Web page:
Today, we have another way of using the smartphone to increase the mobility of the visually impaired.
This time, it is not an entirely new device, as in the “Braille Smartphone” post a couple of weeks ago, but rather an app for iOS. It is called the Ariadne GPS, after the lady who used a rope to lead the ancient Greek hero Theseus out of the labyrinth of the Minotaur, after he defeated it.
Much like in the legend, the app is used to help visually impaired people find their way around. In order to do so, it uses the GPS system of the device to tell the users his/her location. It will compare this to coordinates that are already on the phone, like streets and numbers, or useful locations. This means that what you will actually hear is the descriptin of one of these locations, and how far away you are from them.
A second functionality of the app is a rather special map tool. This will read out loud the place your finger is touching on the map. Hence, by sliding your finger accross the screen, you can get an impression of the streets around you, and because of that, a better feeling of orientation.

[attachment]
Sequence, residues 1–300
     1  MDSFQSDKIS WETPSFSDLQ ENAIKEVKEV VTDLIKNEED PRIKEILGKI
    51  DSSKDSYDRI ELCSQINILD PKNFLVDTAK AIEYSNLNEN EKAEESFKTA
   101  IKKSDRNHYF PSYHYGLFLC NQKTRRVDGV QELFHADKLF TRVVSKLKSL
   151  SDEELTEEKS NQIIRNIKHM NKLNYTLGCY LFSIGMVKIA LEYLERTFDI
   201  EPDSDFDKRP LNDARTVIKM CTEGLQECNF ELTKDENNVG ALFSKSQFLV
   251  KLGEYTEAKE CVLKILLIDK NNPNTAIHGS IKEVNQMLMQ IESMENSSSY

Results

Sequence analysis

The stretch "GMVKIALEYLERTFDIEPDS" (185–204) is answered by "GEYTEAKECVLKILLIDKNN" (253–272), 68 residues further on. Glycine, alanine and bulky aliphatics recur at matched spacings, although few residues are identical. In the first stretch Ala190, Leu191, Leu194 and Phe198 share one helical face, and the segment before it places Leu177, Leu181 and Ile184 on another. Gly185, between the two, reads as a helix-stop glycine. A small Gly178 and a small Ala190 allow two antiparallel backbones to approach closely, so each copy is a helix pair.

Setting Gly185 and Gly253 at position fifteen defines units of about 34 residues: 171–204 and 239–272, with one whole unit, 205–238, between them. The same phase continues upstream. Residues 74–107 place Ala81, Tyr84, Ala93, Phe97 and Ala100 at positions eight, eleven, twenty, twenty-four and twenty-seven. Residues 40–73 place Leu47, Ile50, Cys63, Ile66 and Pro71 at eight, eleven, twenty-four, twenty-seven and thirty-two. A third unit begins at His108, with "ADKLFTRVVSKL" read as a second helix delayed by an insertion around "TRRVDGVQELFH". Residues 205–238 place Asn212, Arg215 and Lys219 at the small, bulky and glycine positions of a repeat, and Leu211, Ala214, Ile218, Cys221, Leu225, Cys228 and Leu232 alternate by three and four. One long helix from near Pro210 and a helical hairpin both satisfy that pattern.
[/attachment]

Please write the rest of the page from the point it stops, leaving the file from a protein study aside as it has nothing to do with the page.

Compare this post to the “Braille Smartphone” post of the 25th of November. Do you think it is better to sense what’s on the screen using touch as described there, or do you think the voice, reading what’s on screen out loud to you, has more benefits? This goes both for this particular application as well as for smartphones in general. In my opinion it is more or less a trade-off getting the information you need faster (in case of the voice) versus using a sense that you do not continuously require (in case of touch). If you have an opinion on this, please let us know in the comments.
More information on the Ariadne GPS, as well as the download, can be found on their site: http://www.ariadnegps.eu/